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    Tampa Bay briefs

    By Times staff and wire reports

    © St. Petersburg Times, published April 13, 2001

    Judge approves Bayfront settlement

    TAMPA -- A federal judge approved the city of St. Petersburg's settlement agreement with Bayfront Medical Center on Thursday, officially ending the longstanding legal and political conflict between the city and its largest hospital over religious entanglement.

    U.S. District Judge James D. Whittemore's approval ends the suit the city filed against Bayfront a year ago over its participation in BayCare Health System, an alliance of area hospitals.

    The conflict arose after Bayfront joined BayCare and changed its policies to conform to the Catholic doctrines endorsed by church-affiliated members of the alliance.

    The city sued in March 2000, alleging unconstitutional mingling of church and state.

    USF station gets improved facilities

    TAMPA -- After 35 years in the basement of the student services building, the staff of WUSF-Ch. 16 feels like the station is moving up in the world.

    Station staffers still are moving to a new, $9.1-million building on the Tampa campus of the University of South Florida.

    The new broadcast building, shared by WUSF's television and radio staffers, took 20 years to get state funding, said general manager James B. Heck. That's how long USF has been trying to get money for it from the Legislature.

    The Federal Communications Commission mandate that all broadcasters add digital capability by 2003 boosted the urgency of the station's funding request. Its old equipment was almost obsolete.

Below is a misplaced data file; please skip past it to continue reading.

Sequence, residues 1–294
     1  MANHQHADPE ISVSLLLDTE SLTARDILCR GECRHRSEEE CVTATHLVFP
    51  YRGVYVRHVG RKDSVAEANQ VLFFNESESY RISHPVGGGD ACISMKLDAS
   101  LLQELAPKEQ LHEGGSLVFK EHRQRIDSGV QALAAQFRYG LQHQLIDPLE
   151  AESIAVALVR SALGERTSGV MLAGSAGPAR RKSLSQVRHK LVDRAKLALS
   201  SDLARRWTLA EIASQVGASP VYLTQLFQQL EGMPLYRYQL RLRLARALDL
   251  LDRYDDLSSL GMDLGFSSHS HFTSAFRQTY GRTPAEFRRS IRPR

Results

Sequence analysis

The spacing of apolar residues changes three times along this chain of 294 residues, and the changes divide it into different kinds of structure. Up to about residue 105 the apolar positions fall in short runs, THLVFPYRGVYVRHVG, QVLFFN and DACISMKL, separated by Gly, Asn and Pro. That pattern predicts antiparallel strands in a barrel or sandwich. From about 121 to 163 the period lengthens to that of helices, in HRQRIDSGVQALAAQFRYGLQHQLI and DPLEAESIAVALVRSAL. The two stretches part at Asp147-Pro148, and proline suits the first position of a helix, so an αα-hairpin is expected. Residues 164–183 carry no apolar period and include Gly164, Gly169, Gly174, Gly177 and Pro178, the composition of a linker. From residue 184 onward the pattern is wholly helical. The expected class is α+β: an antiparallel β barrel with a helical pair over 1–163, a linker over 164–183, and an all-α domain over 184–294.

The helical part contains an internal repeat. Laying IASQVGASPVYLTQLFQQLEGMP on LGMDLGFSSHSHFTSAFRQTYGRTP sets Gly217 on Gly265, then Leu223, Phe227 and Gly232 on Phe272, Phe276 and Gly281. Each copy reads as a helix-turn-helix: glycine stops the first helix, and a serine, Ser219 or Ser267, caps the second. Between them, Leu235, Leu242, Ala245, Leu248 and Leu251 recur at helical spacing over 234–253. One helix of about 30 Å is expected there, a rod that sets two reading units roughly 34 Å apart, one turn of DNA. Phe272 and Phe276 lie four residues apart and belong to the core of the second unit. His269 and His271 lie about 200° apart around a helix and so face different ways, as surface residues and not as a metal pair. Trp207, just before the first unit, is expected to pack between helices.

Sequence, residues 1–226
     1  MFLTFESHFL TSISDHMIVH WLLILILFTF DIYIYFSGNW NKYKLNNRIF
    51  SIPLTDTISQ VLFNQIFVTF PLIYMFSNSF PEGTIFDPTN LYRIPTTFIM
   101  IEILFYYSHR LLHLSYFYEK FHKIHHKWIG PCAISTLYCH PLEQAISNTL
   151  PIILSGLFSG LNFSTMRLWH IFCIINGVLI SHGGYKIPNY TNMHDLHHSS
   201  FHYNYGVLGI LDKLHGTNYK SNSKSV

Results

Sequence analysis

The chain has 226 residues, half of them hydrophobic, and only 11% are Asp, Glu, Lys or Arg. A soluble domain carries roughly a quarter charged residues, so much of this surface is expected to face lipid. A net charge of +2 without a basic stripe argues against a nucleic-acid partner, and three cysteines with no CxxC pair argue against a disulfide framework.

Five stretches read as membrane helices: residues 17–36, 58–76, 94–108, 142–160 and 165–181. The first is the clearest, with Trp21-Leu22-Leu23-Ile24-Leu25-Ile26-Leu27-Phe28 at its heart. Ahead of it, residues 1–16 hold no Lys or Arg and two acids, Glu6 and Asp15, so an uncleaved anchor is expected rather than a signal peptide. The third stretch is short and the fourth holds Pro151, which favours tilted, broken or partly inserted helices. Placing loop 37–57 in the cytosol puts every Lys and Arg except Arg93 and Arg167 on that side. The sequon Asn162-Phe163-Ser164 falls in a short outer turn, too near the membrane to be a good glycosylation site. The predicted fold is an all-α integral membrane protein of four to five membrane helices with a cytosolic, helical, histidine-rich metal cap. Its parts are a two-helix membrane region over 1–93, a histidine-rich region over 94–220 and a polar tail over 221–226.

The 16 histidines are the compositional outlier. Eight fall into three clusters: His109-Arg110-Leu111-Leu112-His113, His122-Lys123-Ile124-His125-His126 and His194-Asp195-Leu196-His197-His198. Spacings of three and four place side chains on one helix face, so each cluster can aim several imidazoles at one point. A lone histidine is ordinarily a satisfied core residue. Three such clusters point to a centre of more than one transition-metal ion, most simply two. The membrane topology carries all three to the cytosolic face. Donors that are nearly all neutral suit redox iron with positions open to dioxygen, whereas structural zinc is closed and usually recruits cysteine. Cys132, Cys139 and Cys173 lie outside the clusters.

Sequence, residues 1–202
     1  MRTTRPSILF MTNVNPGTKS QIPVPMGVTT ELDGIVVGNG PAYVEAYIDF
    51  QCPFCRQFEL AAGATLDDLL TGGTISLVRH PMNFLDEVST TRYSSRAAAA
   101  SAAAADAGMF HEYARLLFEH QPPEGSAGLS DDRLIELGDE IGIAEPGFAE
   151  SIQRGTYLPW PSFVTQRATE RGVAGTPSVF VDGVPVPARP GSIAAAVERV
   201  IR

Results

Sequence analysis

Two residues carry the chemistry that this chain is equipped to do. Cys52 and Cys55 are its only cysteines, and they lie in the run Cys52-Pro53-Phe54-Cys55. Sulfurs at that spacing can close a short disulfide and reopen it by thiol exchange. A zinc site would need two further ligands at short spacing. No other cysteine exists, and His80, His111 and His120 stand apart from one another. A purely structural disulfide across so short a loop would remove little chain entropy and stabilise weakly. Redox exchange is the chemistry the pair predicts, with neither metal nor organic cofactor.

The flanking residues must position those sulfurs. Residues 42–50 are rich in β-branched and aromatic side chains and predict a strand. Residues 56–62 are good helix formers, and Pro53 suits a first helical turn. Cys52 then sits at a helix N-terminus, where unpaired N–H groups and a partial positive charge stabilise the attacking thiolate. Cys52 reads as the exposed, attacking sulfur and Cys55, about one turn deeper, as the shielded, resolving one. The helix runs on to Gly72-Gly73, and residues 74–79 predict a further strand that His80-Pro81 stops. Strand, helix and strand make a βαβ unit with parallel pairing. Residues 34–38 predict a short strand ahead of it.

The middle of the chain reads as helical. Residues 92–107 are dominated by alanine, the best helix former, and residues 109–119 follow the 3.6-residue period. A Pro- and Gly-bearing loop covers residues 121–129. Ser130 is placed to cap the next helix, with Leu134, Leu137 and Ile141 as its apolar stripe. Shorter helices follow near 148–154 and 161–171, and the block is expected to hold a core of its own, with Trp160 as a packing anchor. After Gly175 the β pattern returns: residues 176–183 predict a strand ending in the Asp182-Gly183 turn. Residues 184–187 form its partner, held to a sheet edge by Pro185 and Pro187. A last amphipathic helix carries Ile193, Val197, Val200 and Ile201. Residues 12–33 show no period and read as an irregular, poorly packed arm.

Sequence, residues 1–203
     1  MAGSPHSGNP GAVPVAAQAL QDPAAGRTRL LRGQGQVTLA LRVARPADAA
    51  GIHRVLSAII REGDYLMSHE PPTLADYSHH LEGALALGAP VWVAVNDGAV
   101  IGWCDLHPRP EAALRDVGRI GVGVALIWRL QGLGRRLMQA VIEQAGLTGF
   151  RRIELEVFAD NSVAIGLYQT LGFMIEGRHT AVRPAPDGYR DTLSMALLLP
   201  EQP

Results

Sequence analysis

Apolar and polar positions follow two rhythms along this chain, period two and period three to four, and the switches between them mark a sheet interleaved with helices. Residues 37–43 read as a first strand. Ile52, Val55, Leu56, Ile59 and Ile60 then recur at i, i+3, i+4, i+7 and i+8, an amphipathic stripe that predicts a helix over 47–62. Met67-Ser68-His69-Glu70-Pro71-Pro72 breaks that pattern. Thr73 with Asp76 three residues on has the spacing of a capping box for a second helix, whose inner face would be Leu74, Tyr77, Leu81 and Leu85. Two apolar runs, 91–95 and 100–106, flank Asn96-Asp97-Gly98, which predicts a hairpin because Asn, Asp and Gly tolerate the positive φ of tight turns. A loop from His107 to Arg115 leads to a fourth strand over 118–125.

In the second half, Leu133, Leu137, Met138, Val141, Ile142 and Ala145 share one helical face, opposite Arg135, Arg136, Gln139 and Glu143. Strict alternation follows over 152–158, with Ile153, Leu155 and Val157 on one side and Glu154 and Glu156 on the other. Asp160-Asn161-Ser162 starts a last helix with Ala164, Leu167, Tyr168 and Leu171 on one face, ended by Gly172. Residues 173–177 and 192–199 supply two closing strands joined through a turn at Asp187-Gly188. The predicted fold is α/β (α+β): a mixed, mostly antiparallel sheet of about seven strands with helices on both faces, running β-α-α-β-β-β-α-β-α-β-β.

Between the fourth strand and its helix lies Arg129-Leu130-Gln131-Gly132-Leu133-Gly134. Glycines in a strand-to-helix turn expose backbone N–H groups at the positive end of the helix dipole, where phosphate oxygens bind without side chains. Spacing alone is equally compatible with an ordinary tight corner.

Fraternity ousts four after hazing incident

    TAMPA -- Four fraternity members at the University of Tampa have been expelled from their organization after being accused of hazing two pledges March 29 with a stun gun, school officials said.

    The two unidentified students told school officials that the four Phi Delta Theta brothers, all freshmen, demanded that the pair swim blindfolded across the Hillsborough River or risk getting shocked. The pledges refused and told authorities they were zapped with the gun.

    The pledges did not press criminal charges.

    The university's judicial affairs office has held hearings to determine punishment for the four. The university would not disclose the punishment Thursday.

    Notes involving late state attorney released

    TAMPA -- State Attorney Mark Ober released records Thursday that his predecessor had fought in court to keep secret.

    Ober decided not to fight a public records lawsuit by the Tampa Tribune seeking to have the notes about former state attorney Harry Lee Coe opened to the public.

    Coe was state attorney until he committed suicide in July as reporters pressed him about his use of an office computer to access gambling Web sites. Coe had ordered the office's computer chief to delete records from his computer to conceal his gambling.

    Ober decided to drop a court battle to keep the records secret.

    "I just felt under the circumstances of that event, the public had the right to know what was occurring at the State Attorney's Office," Ober said.

    The notes released Thursday were taken by two of Coe's closest aides, Paul Duval Johnson and Michael Hayes.